"The arc of history inclines upward to justice," said the governor general. He continued by saying Canada needs to make "diversity work to our advantage" by continuing to be an inclusive country.
But on social media they were quoting Sam Goldwyn: Include me out. The arc of history inclines up yours. Dear old Johnners understood that this "nation of immigrants" routine is the pink-unicorn myth of Canada's founding that we've all agreed on. We're a nation of immigrants, and all immigrants are equal: Cabot, Wolfe, Montcalm, Adrienne Clarkson, Michael Ondaatje, Omar Khadr, the quote indigenous people unquote of Natuashish who immigrated all the way from Davis Inlet...
Whoops, that's an immigration myth too far. As an Anglo-Canadian, Johnston is relaxed about diminishing his own "community"'s role in order to serve the national myth, so one can see why he might carelessly assume the indigenous people might wish to be included in the great all-purpose Trudeaupian fairy tale. But he got up to speed, and, when they gave him the viceregal bum's rush, the representative of the tyrannous Crown gallantly threw himself on his sceptre:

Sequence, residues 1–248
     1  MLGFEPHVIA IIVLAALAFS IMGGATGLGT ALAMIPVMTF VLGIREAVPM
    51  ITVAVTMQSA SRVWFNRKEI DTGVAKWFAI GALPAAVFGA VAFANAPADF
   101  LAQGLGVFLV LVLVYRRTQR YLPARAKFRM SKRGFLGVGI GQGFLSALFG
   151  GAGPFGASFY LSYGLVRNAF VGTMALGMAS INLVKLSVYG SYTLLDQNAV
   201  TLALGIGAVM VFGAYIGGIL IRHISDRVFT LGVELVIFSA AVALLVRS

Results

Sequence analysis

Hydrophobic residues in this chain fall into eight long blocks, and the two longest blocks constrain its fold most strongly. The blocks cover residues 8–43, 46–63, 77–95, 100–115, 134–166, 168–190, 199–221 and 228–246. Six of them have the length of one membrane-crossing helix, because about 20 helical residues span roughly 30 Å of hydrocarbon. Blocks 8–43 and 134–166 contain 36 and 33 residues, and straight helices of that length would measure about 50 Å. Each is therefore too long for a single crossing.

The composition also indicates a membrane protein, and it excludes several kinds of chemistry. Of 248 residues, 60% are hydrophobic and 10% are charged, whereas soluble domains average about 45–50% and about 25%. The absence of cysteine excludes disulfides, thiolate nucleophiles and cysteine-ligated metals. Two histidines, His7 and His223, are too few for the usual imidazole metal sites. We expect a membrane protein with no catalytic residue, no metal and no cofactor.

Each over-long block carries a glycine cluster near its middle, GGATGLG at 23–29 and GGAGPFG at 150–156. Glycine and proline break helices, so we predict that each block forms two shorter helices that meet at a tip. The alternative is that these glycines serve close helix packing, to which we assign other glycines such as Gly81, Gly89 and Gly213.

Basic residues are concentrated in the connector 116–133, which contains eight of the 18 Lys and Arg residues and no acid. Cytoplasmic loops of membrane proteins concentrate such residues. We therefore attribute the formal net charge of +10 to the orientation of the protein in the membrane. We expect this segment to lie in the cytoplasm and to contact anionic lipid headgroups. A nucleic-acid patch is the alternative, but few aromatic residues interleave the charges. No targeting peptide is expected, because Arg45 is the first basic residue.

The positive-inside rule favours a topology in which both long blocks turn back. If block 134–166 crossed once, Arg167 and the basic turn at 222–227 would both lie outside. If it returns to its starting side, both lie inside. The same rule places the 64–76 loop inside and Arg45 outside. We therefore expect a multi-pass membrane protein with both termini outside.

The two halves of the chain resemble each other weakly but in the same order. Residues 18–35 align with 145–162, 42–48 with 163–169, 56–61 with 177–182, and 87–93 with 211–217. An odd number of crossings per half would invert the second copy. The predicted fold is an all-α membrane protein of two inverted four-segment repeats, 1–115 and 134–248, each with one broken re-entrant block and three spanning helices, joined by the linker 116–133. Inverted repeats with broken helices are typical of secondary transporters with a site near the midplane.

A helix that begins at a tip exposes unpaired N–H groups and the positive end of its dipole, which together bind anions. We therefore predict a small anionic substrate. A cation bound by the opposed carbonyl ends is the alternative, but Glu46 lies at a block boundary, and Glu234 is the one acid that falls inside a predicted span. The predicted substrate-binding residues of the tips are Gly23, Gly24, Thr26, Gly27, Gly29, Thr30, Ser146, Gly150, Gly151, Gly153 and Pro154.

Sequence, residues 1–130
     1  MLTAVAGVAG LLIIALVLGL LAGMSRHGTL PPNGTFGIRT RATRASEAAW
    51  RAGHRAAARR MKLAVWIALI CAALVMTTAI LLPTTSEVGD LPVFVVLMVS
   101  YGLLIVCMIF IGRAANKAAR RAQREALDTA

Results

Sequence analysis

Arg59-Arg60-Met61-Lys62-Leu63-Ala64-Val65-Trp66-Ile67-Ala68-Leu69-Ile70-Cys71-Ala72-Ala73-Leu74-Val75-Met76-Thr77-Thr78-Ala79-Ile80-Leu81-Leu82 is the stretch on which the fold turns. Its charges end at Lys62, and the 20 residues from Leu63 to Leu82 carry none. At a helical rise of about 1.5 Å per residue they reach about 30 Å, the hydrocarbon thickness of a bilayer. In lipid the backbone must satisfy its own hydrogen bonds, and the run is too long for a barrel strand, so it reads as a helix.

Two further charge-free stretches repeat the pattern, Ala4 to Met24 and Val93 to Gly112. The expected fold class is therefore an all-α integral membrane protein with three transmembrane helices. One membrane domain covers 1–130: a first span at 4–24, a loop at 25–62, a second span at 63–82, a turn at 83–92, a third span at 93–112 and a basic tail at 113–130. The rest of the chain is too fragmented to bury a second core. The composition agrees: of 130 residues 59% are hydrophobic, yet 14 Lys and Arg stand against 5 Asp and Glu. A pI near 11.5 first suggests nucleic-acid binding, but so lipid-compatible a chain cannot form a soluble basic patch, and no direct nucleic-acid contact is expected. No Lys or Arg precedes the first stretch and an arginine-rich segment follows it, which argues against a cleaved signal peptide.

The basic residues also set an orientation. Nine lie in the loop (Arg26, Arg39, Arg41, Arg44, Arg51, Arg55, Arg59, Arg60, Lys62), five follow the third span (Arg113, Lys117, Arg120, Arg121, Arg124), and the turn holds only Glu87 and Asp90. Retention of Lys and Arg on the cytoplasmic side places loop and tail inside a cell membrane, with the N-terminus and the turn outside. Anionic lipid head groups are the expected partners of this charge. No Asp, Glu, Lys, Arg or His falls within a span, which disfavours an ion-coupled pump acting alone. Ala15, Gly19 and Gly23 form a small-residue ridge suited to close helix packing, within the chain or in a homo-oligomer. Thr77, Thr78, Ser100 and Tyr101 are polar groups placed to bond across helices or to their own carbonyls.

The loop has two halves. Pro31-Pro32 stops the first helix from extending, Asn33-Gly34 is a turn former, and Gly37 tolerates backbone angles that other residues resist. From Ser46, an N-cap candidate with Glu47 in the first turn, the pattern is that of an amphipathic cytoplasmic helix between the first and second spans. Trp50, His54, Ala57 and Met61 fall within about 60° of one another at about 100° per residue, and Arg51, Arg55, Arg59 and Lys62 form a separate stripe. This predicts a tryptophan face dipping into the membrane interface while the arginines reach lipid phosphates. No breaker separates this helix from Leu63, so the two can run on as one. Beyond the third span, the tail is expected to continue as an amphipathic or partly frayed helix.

I want to clarify a miscommunication. Our Indigenous peoples are not immigrants. They are the original peoples of this land.
I dunno. That "quote indigenous people unquote" sounds a bit too calculated to be a "miscommunication". But the usual dissembling wasn't what riled the quote-unquotes this time round. Can you guess what it was, boys and girls?
"And I want to clarify a miscommunication", by further disrespecting indigenous people. "Our"?
Please don't use "our" when referring to Indigenous peoples. That is wrong ethically, legally and morally. Disrespectful.
Please stop referring to us as "our indigenous peoples." We/I, belong to no one.
You do not own us any more than you own the land of this colony turned state.